Next Billions - Community Resource Messenger
The design and use of Information and Communication Technologies (ICTs) has evolved beyond its workplace origins to include people living at the margins of contemporary society. Increasingly in the U.S., as in the developing world, people who do not own personal computers to access the internet are instead using inexpensive mobile phones for access. State and federal agencies in the U.S. have recognized the benefits of these devices, creating programs to provide free phones and airtime to citizens who meet income guidelines (see, e.g., the SafeLink program).
IBM, along with others, is engaging in opportunities created by the explosive growth of mobile phones. While much focus in developed nations is on "smart phones" (and small form-factor computers such as netbooks and tablets), the highest growth and adoption rates around the world are for basic cell phones. Because these devices have such limited interfaces (speaker, microphone, small LCD, 12-key keypad), innovative approaches must be used to enable users access to information and services enabled by the internet and wireless networks.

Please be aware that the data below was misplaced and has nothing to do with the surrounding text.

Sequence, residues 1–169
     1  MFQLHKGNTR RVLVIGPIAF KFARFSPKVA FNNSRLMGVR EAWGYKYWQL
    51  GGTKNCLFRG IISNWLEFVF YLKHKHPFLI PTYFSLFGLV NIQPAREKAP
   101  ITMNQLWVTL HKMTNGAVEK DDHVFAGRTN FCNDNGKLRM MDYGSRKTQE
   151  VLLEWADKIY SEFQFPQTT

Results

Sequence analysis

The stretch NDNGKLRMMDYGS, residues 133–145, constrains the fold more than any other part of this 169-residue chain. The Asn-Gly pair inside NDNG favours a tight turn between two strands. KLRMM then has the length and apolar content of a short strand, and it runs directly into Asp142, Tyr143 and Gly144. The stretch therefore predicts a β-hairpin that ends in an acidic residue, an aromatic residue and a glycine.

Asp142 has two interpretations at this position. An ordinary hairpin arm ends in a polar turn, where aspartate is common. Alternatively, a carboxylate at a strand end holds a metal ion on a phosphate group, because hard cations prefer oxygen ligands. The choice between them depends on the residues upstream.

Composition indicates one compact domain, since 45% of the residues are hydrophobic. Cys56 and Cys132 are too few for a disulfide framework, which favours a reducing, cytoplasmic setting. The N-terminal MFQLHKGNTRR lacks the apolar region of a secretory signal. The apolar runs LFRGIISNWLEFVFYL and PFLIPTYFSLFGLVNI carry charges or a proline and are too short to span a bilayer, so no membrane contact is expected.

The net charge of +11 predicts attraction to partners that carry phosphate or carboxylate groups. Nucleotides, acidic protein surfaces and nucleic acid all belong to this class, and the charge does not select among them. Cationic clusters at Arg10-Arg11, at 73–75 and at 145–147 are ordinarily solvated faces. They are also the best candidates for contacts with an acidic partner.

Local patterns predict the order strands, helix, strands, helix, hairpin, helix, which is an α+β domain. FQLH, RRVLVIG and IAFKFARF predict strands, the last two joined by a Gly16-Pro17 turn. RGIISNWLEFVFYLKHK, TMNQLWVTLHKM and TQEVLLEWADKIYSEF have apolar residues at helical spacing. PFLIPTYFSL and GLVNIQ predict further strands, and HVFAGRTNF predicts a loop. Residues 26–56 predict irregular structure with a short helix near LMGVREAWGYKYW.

The Social Computing Group is engaged in a joint research study with Christopher Le Dantec and Keith Edwards of the Georgia Institute of Technology. The focus of the collaboration is to explore how ICTs can enhance communication for homeless clients and their case workers. The Community Resource Messenger project approaches the homeless and their case workers as two interacting 'publics' — each with shared constraints and unique desires, whose members must be fully aware, and in charge of their communication choices. The solution leverages a web-based communications center for case workers to send messages to their clients' phones, and basic cell phones for clients to produce user-generated content. The system also includes a large digital message board installed in the shelter for both case workers and clients to broadcast and share information with each other in a public way.
A deployment study led by Christopher Le Dantec began in February 2010. We will post results and additional information here as it becomes available. In the meantime, you can read about Chris's ethnographic and foundational work that is the basis for the solution and joint study.